'Dune Shack Summer'
Finding her muse on old Cape Cod
Summer gets many Texans thinking of the beach, but for at least one Texan, the beach in mind is more than a thousand miles from her home state. Last year, Suzanne Lewis was one of the few individuals selected for an annual residence program that allows artists to spend three weeks living and making works in one of the 17 historic dune shacks scattered across three miles of the Cape Cod National Seashore. The shacks were built in the Twenties, Thirties, and Forties, often with lumber that had washed ashore, and the living conditions in them now are as bare-bones as when they were cobbled together: no electricity, no running water, the closest paved road 30 minutes by foot over soft sand. Still, for Lewis, the dune shack was "heaven," a getaway in which she was splendidly productive as both a photographer and a painter of abstracts. The work she generated there has resulted in the exhibition "Dune Shack Summer," opening July 2 in Wally Workman Gallery's upstairs space, and a book by the same title, available at the gallery and at BookPeople. The Chronicle asked Lewis what made this beach and her time there so special.
Austin Chronicle: What draws someone born and reared in Austin to old Cape Cod?
Suzanne Lewis: I am a fifth-generation Texan. However, I must've been misplaced, because I adore and hope to live on Cape Cod someday. It's the ocean, the New Englanders, and the weather. Need I say more in this 100-plus degree heat? Bring on the bitter cold, snow, fog, and gray days.
AC: On the one hand, you're capturing the landscape in realistic photographic images, and on the other, drawing on it as inspiration for largely nonrepresentational paintings, which would strike some folks as moving in opposite directions simultaneously. What appeals to you about taking such different approaches at the same time?
SL: I like it that way. I work very spontaneously and intuitively. The camera allows for this, as does the nonrep painting. I get bored easily and am constantly having to entertain my creative muse. I would shoot like a madwoman early in the morning and paint by music from NPR in the afternoon on my battery-operated weather radio. I produced about 30 paintings and more photo images than I've ever shot in one place.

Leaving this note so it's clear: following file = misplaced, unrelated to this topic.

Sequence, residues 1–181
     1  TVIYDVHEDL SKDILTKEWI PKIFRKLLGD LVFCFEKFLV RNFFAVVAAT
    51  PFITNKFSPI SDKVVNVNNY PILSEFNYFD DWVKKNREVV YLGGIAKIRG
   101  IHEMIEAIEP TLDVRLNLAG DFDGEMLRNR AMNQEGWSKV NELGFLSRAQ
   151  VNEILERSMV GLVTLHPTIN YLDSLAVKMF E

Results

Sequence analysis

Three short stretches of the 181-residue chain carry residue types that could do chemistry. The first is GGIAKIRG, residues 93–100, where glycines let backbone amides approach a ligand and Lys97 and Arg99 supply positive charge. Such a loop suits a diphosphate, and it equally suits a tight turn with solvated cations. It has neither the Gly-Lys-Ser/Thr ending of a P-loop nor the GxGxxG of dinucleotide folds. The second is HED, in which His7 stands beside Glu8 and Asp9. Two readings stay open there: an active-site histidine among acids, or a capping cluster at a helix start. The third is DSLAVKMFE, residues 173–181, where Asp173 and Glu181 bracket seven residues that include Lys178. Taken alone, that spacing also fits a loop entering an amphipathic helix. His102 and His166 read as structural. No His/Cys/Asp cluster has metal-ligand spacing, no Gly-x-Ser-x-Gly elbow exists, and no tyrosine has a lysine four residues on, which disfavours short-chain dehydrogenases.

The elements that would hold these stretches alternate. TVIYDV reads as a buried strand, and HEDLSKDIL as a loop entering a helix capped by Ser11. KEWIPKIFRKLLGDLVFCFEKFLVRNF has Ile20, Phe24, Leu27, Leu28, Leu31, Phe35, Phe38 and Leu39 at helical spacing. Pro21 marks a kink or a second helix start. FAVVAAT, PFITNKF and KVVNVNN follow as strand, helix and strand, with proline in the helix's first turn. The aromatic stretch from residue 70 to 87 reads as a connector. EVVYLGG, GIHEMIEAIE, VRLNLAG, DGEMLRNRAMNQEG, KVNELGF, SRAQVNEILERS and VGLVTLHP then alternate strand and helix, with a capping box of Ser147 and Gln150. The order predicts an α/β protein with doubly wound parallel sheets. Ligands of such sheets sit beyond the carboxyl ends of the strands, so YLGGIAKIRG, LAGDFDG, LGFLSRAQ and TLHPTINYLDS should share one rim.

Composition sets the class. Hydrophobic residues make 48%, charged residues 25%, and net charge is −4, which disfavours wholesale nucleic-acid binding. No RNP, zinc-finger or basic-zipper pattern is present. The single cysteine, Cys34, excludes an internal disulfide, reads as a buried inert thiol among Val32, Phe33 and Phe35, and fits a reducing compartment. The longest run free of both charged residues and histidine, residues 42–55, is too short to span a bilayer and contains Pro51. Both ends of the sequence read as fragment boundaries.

The most inspiring thing about the shack was knowing the history of those who had gone before me. Over the years, notable artists and writers have called these shacks home for weeks, months, even years. Willem de Kooning, Jackson Pollock, Mark Rothko, Mary Oliver, e.e. cummings, Eugene O'Neill, Jack Kerouac, Annie Dillard, Norman Mailer – all spent time out there creating in the dune shacks. The light, the colors in this environment were magnificent. The weather was so inspiring – storms rumbled, the shack shook. Every morning after I photographed, I'd walk the 100 or so yards to the ocean with my coffee, journal, and binoculars to watch the finback whales.
The solitude was very regenerative for me. Even when I was not working, I was gathering the quiet to use when I got back to my studio. I discovered it's not only about creating; it's about preparing to create. I realized I could survive without so much stuff. I was captured emotionally as if put under a spell. Being tuned in to things like the wind's direction is really about staying alive in the moment. It's easy for me to be unconscious of how much water I use at home. But at the shack, I maybe used a gallon a day. I was so much more cognizant of it. I was mindful of every sound. And just being more aware of the impact of my actions is an important balance for me to have. When we forget that, we're disconnected from ourselves and disconnected from one another. It was a sacred experience.
"Suzanne Lewis: Dune Shack Summer" runs July 2-Aug. 5 in the upstairs gallery of Wally Workman Gallery, 1202 W. Sixth. For more information, call 472-7428 or visit www.wallyworkmangallery.com.
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